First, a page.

Wednesday, January 6, 2016

Monsters on the Frontier: The Denial of Liminality and the Restoration of the Lifeworld by Baptism

As I traverse "Terrain and Territory" in Anthony Steinbock's fascinating and difficult study of phenomenology, Home and Beyond: Generative Phenomenology After Husserl (Northwestern, 1995), I allow my favorite monster from literature to intrude upon the landscape: Grendel, who famously appears in the Old English epic poem, Beowulf. Of course, Steinbock's presentation of the 'homeworld' and 'alienworld' and his adoption of these Husserlian ideas within his project of 'generative phenomenology' sets the stage for Grendel's entrance within the 'lifeworld' of the Danes.

Grendel, of Cain's kin and the 'shadow-walker,' hates the sounds of 'joy,' the celebrations within Heorot, Hrothgar's hall, where this king of the Danes gathered with his retainers in the evening. Joy, singing and even inebriation continue until the monster stopped all that with nocturnal murder. What kind of being but a monster could rage against joy? Why does joy and song enrage such a creature? Another nickname for the monster holds a clue: mearcstapa, the 'border-stepper.'

Grendel, whose name suggests both 'ground' and 'border' (consider Mod. Ger. Grenzen) or 'frontier,' crosses from the fens he holds fast to Hrothgar's mead-hall, without ever stepping into liminality.  He personifies the limit, yet never stands at the border of two world, as the 'hero on the beach' often does in Old English poetry (the hero at the border of two worlds is thematic in the Anglo-Saxon poetic record). As a shadow consigned to the lineage of Cain, Grendel can never cross over the outer limit, never become the brave one, sporting a glinting light, near the edge. He remains alien to his enemies and to himself: regenerativity (or generativity) is off limits to him: even in victory he stands alone in Heorot, sterile and the stranger. He is never at home.

As Kenneth P. Quinn has noted in his The Use of Baptismal Liturgy in three Old English Poems, the imagery of the outer limits or edges in Beowulf conjures the liminality of the baptismal font and its liturgy. Liminality, as ontological status, is something denied to Grendel through his proscription, but open to all others, presumably even to the drunken 'thanes' celebrating in Heorot. As the 'mark-stepper' Grendel is denied baptism, the play of 'homeworld' and 'alienworld' is denied its authentic relationality. For Grendel, the 'lifeworld' never reaches perfection (in the sense of completion or fulfillment), and he remains condemned to reign over the limits with no hope for liminality.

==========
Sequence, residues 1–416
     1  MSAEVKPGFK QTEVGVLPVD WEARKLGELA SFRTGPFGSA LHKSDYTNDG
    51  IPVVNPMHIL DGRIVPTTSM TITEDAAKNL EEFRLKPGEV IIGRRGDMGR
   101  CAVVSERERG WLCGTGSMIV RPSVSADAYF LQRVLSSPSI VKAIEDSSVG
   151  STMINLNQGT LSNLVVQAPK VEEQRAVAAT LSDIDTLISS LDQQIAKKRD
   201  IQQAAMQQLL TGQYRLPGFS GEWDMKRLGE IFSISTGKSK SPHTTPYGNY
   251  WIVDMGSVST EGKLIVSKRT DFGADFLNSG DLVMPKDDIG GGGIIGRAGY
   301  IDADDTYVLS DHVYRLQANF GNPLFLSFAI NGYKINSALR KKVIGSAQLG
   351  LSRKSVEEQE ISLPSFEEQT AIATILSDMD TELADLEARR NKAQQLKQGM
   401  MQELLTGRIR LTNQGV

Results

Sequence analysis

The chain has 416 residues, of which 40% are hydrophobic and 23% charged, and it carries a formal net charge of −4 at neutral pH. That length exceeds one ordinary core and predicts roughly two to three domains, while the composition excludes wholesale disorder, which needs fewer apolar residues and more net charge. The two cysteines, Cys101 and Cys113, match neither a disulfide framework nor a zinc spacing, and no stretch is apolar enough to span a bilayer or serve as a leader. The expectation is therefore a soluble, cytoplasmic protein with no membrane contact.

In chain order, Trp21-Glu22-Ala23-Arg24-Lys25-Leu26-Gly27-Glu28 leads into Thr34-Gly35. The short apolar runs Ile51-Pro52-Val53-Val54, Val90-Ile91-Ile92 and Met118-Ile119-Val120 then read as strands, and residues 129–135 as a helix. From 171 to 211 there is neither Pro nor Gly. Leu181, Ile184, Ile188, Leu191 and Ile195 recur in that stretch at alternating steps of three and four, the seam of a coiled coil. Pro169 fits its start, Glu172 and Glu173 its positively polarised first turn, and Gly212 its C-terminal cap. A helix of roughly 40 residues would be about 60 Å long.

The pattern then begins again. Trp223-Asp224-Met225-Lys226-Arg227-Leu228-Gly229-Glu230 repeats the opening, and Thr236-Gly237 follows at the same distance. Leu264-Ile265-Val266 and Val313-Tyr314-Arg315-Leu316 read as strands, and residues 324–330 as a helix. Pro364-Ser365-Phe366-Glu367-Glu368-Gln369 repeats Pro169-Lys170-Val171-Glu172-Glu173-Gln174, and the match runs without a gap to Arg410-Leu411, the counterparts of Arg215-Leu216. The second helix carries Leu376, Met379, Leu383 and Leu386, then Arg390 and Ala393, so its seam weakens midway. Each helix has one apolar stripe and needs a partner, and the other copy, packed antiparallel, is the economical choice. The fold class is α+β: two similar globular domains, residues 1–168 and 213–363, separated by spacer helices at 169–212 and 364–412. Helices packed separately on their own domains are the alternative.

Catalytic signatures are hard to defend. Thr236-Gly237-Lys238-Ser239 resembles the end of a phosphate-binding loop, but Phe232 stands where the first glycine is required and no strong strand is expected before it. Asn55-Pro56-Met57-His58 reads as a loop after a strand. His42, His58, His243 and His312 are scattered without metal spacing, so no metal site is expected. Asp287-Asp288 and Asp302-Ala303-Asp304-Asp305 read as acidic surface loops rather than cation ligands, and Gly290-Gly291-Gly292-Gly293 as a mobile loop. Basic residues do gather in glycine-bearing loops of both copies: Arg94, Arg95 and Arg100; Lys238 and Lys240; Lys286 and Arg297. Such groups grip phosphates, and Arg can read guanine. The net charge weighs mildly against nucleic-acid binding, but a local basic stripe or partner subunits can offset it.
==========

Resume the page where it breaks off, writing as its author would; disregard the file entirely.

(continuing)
Enraged at what is possible for the revelers in the mead-hall, Grendel acts out what is impossible for him; in a mockery of a liturgy of new creation and the baptismal font, which he can never approach, he destroys what is created and celebrated in the scop's (the singer of tales) song of creation, which he cannot endure. Steinbock's delightful discussion (HB, 208-19) of 'narrative' and the role of the 'narrator' in the 'homeworld' provokes an interpretation of a dimension to Grendel's wrath: the scop, as 'narrator 'of cultural narratives, weaves not only tales of history but also of the social virtues and values. In this sense, the teller of tales re-invents the fabric of the lifeworld. The scop, then, continually weaves a world which Grendel can 'visit' but never enter.

The monster reigns over Heorot for 12 years until Beowulf turns the laughter in his heart to fear. Grendel, ripped apart from his own hand and shoulder, his very grip on Heorot, and eventually beheaded in death, rests disjointed and hewn apart whence he came, underscoring his separations in life, denied as he was a co-constituted and co-relative 'homeworld' and 'alienworld.'

The hero's eventual epic descent to the depths of Grendel's mother's lair restores the traversal of water as new life, as he secures victory over evil. The balance of 'alienworld' and 'homeworld' is also restored. Heorot is made whole again, and enjoys an integration of worlds denied its attacker. The baptism of regeneration is for some, but not for those others conscripted into the line of Cain.

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